The essential features of Anorexia Nervosa are that the individual refuses to maintain a minimally normal body weight, is intensely afraid of gaining weight, and exhibits a significant disturbance in the perception of the shape or size of his or her body. In addition, postmenarcheal females with this disorder are amenorrheic. (The term anorexia is a misnomer because loss of appetite is rare.)
The individual maintains a body weight that is below a minimally normal level forage and height (Criterion A). When Anorexia Nervosa develops in an individual during childhood or early adolescence, there may be failure to make expected weight gains (i.e., while growing in height) instead of weight loss.
Criterion A provides a guideline for determining when the individual meets the threshold for being underweight. It suggests that the individual weigh less than 85% of that weight that is considered normal for that person's age and height (usually computed using one of several published versions of the Metropolitan Life Insurance tables or pediatric growth charts). An alternative and somewhat stricter guideline (used in the ICD-10 Diagnostic Criteria for Research) requires that the individual have a body mass index (BMI) (calculated as weight in kilograms/height in meters) equal to or below 17.5 kg/m. These cutoffs are provided only as suggested guidelines for the clinician, since it is unreasonable to specify a single standard for minimally normal weight that applies to all individuals of a given age and height. In determining a minimally normal weight, the clinician should consider not only such guidelines but also the individual's body build and weight history.
Usually weight loss is accomplished primarily through reduction in total food intake. Although individuals may begin by excluding from their diet what they perceive to be highly caloric foods, most eventually end up with a very restricted diet that is sometimes limited to only a few foods. Additional methods of weight loss include purging (i.e., self-induced vomiting or the misuse of laxatives or diuretics) and increased or excessive exercise.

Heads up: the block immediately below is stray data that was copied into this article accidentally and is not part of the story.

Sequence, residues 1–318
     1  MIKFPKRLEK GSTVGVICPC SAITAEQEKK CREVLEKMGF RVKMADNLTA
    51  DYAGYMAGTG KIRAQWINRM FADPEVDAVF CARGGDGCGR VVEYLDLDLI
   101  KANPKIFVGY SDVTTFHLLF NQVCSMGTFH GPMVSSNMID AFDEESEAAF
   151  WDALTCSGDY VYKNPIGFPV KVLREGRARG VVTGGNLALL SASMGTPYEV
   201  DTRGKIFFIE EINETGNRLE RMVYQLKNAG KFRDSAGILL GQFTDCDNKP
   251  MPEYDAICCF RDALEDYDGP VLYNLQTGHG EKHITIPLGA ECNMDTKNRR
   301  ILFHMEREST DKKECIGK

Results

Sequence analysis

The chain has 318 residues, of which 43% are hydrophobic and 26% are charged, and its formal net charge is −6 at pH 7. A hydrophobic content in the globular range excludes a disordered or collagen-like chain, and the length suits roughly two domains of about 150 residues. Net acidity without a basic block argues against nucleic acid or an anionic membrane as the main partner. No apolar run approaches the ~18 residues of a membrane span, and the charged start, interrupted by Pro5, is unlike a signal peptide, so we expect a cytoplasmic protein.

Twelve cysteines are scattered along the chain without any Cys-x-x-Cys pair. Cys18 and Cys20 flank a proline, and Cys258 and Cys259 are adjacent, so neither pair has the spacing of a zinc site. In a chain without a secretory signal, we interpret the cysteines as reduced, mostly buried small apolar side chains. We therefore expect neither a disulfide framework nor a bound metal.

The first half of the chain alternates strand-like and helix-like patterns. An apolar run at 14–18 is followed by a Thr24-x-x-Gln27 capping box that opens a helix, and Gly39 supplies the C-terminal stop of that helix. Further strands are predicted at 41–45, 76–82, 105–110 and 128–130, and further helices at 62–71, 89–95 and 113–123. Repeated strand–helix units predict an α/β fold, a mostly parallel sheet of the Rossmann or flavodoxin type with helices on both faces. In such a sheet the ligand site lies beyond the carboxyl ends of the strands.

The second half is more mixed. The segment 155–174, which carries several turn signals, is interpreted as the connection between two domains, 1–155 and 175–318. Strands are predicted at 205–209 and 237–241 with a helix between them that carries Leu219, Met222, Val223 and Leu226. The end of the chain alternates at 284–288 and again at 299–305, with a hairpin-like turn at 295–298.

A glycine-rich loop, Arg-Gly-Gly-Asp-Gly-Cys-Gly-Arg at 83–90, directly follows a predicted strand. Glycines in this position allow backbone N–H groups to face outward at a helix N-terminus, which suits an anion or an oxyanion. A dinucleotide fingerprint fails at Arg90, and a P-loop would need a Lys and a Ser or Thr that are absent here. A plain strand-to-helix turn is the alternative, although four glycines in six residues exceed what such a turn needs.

Individuals with this disorder intensely fear gaining weight or becoming fat (Criterion B). This intense fear of becoming fat is usually not alleviated by the weight loss. In fact, concern about weight gain often increases even as actual weight continues to decrease.
The experience and significance of body weight and shape are distorted in these individuals (Criterion C). Some individuals feel globally overweight. Others realize that they are thin, but are still concerned that certain parts of their bodies, particularly the abdomen, buttocks, and thighs, are "too fat." They may employ a wide variety of techniques to estimate their body size or weight, including excessive weighing, obsessive measuring of body parts, and persistently using a mirror to check for perceived areas of "fat." The self-esteem of individuals with Anorexia Nervosa is highly dependent on their body shape and weight. Weight loss is viewed as an impressive achievement and a sign of extraordinary self-discipline, whereas weight gain is perceived as an unacceptable failure of self-control. Though some individuals with this disorder may acknowledge being thin, they typically deny the serious medical implications of their malnourished state.
In postmenarcheal females, amenorrhea (due to abnormally low levels of estrogen secretion that are due in turn to diminished pituitary secretion of follicle-stimulating hormone [FSH] and luteinizing hormone [LH]) is an indicator of physiological dysfunction in Anorexia Nervosa (Criterion D). Amenorrhea is usually a consequence of the weight loss but, in a minority of individuals, may actually precede it. In prepubertal females, menarche may be delayed by the illness.
The individual is often brought to professional attention by family members after marked weight loss (or failure to make expected weight gains) has occurred. If individuals seek help on their own, it is usually because of their subjective distress over the somatic and psychological sequelae of starvation. It is rare for an individual with Anorexia Nervosa to complain of weight loss per se. Individuals with Anorexia Nervosa frequently lack insight into, or have considerable denial of, the problem and may be unreliable historians. It is therefore often necessary to obtain information from parents or other outside sources to evaluate the degree of weight loss and other features of the illness.